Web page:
Let's start off with a Coraline review. Simple enough. You must see this movie, and you must see it in 3-D. Henry Selick has woven a visual masterpiece around the bare bones of Neil Gaiman's slightly askew young adult novel of the same name, and the result is a genre-bending, contemporary, artistic film. Selick has cemented himself as the modern master of stop-motion animation and, more importantly, has proven once again that there is a place in present-day film for the antiquated technique. It was almost a clinic in the form, like a more accessable, mainstream Brothers Quay film. It managed to be legitimately terrifying at places while retaining the chram and adventure that marks it as a children's story. In short, the movie captured all the neccessary emotions to truthfully depict a girl growing up and discovering the world around her. While there are significant differences to Gaiman's novel, I think the fact that it encompasses this last aspect so fully, there can be no doubt that the heart of the story shines through in the film adaptation. I would love to go into more detail, but I want to leave it to you to see and discover, so no spoilers here as of yet. Maybe we can discuss specifics after it has been out a couple weeks. Suffice it to say, I will definitely see it again. Let me know if you want to go.
I may leave this as a larger topic for Friday's blog, but I want to briefly mention that the Doctor Who Series 4 finale was broadcast on BBC America last night. Wow. I am obsessed with the Doctor and was not disappointed by the end of Tennant's regular series run. He has taken the Doctor in a very Sherlock Holmesian, manic, cocky, darkly troubled direction, and (I think) will be remembered as the essential Doctor when (if) the series is finally laid to rest. This final episode once again strips the happy-go-lucky facade of the rouge time-lord away to reveal a man (Gallifreyan or otherwise) haunted by the decsions he has had to make. The Doctor is often seen as difficult to relate to (which is the reason companions like Donna or Sarah Jane Smith are so neccessary), but it is at the moments when he is rendered absolutely alone that we see the very human vulnerability in his character peek its ugly head out. We are reminded why we care for him. This last episode did that as well as I have ever seen it done. Hopefully Matt Smith is as stellar as the reports of his readings suggest. He has some big red trainers to fill.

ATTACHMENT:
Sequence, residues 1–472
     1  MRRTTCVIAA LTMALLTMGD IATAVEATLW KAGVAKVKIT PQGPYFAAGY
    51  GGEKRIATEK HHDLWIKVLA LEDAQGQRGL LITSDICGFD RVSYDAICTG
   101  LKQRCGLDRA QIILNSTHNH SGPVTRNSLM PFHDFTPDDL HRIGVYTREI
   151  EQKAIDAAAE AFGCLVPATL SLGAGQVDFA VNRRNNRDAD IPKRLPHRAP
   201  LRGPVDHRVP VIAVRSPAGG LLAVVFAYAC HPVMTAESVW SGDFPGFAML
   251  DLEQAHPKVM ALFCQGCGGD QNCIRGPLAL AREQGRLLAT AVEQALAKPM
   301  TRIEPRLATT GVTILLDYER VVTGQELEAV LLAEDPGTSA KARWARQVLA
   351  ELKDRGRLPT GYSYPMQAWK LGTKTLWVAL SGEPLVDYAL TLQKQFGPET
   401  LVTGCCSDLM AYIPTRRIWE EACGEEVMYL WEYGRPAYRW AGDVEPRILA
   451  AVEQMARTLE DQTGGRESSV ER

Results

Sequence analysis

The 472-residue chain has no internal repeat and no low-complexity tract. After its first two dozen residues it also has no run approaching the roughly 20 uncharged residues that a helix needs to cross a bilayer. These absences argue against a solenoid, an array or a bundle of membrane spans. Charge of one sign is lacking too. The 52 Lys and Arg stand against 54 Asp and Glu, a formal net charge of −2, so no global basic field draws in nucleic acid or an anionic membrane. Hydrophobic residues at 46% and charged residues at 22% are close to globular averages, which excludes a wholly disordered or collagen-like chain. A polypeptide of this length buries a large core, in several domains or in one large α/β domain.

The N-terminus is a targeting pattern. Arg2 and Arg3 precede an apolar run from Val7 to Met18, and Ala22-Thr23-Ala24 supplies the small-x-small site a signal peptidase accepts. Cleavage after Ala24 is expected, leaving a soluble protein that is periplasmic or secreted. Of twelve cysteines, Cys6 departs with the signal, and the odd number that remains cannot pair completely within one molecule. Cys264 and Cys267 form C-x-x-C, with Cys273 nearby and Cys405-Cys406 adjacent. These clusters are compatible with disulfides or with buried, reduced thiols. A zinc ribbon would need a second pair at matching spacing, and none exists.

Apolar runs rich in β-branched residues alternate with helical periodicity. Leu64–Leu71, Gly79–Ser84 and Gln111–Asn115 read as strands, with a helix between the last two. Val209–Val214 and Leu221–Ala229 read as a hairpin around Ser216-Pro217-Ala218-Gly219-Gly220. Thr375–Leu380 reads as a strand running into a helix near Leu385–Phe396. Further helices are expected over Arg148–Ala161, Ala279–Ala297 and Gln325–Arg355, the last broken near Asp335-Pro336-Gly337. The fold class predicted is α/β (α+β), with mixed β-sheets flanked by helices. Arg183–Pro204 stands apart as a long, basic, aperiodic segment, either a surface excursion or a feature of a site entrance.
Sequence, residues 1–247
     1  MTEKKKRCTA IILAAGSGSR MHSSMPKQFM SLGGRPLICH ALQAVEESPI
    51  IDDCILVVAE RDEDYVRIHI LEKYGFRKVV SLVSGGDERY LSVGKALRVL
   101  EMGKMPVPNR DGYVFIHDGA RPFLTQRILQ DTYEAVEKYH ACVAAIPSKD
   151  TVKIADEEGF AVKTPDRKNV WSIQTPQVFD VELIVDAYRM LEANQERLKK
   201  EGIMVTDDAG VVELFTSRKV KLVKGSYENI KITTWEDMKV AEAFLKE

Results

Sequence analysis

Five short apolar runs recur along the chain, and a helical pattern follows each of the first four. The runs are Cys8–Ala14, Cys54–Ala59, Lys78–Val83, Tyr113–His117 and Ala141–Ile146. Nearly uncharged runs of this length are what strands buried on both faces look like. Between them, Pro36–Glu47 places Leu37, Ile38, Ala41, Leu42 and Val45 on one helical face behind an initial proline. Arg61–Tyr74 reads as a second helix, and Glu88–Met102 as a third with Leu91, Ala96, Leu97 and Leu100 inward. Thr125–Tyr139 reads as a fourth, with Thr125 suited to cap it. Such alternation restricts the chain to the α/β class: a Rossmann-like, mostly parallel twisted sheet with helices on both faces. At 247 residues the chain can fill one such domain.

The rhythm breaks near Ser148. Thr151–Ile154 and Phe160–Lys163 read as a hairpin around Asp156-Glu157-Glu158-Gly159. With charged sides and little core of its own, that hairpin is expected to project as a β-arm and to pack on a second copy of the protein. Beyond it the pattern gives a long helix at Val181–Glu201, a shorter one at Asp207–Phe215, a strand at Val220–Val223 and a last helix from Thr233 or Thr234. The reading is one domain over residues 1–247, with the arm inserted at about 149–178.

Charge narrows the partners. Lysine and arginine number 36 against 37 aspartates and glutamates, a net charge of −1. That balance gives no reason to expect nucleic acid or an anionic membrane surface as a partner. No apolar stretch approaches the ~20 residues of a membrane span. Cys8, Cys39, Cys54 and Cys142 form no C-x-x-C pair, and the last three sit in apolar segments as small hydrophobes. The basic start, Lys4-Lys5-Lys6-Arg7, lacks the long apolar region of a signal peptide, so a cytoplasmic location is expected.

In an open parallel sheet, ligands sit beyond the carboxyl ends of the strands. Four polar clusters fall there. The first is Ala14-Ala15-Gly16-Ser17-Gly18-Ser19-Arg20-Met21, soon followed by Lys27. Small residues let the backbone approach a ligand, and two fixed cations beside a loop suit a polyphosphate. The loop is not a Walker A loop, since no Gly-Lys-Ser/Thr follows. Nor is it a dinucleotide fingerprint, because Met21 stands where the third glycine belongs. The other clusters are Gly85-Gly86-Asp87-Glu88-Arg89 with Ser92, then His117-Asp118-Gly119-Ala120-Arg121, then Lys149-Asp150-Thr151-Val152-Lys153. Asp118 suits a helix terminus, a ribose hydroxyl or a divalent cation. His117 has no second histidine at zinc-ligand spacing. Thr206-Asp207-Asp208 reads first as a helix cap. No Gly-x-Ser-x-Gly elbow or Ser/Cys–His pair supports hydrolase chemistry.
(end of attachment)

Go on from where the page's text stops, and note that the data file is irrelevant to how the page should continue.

In my own news, I have recieved a couple of last minute critiques from some very trusted people on Ranchero. In light of some of the advice given, I have decided that an additional edit is going to be neccessary before submissions can begin. I still want to have 12 submissions out by the end of this month and will thusly be dedicating a lot of time in the next week to revising and adding to the current manuscript. I remain terrified by the proccess and I can only hope to learn enough from this first time round that next time, it is a little less daunting. We shall see. Wish me luck.
I have succomb to the pressure of my geekery and picked up the Batman: Last Rites arc in preperation for the upcoming What Ever Happened to the Caped Crusader arc. Wil Wheaton has already read it, and as such both holds a place of reverence and contempt in the temple of my fanboydom. I also picked up the first volume of the Scott Pilgrim series, so all my nerdy friends can stop feeling sorry for me and welcome me with open arms back into the fold of those who know what's up.
My coffee is gone and I have a hot girl waiting to take me out to a tapas bar, so I think I will cut it off here. See you all on Friday. Leave me a comment with something good to talk about. I could use the direction.
Monday, February 2, 2009
So, let's hop to it. I am feeling link-y today, so the first thing you should check is the continuing adventures of Ms. Eve Ning over at Octopus Pie. I love this little webcomic, and there are definitely similarities between it and LFM (soon to be riding your way on the waves of the intertubes). The current story arc is brutally familiar, and today's joke is one of my top 5 all time favorite webcomic punchlines. Oh yes, there is a list. Go ahead and judge.
Speaking of webcomics, GarfieldminusGarfield is awesome today too.